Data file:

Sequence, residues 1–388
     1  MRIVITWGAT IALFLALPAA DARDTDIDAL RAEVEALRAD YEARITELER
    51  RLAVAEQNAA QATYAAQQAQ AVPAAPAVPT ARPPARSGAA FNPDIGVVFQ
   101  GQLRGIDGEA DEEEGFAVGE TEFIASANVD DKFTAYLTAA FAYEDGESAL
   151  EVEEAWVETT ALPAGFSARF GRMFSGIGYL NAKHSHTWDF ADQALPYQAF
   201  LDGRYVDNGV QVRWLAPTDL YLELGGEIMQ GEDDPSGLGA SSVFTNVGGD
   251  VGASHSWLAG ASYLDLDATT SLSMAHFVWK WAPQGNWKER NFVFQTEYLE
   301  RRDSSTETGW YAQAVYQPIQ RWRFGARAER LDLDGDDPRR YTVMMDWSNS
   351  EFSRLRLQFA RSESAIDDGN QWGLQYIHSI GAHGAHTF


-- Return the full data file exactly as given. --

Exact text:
Sequence, residues 1–388
     1  MRIVITWGAT IALFLALPAA DARDTDIDAL RAEVEALRAD YEARITELER
    51  RLAVAEQNAA QATYAAQQAQ AVPAAPAVPT ARPPARSGAA FNPDIGVVFQ
   101  GQLRGIDGEA DEEEGFAVGE TEFIASANVD DKFTAYLTAA FAYEDGESAL
   151  EVEEAWVETT ALPAGFSARF GRMFSGIGYL NAKHSHTWDF ADQALPYQAF
   201  LDGRYVDNGV QVRWLAPTDL YLELGGEIMQ GEDDPSGLGA SSVFTNVGGD
   251  VGASHSWLAG ASYLDLDATT SLSMAHFVWK WAPQGNWKER NFVFQTEYLE
   301  RRDSSTETGW YAQAVYQPIQ RWRFGARAER LDLDGDDPRR YTVMMDWSNS
   351  EFSRLRLQFA RSESAIDDGN QWGLQYIHSI GAHGAHTF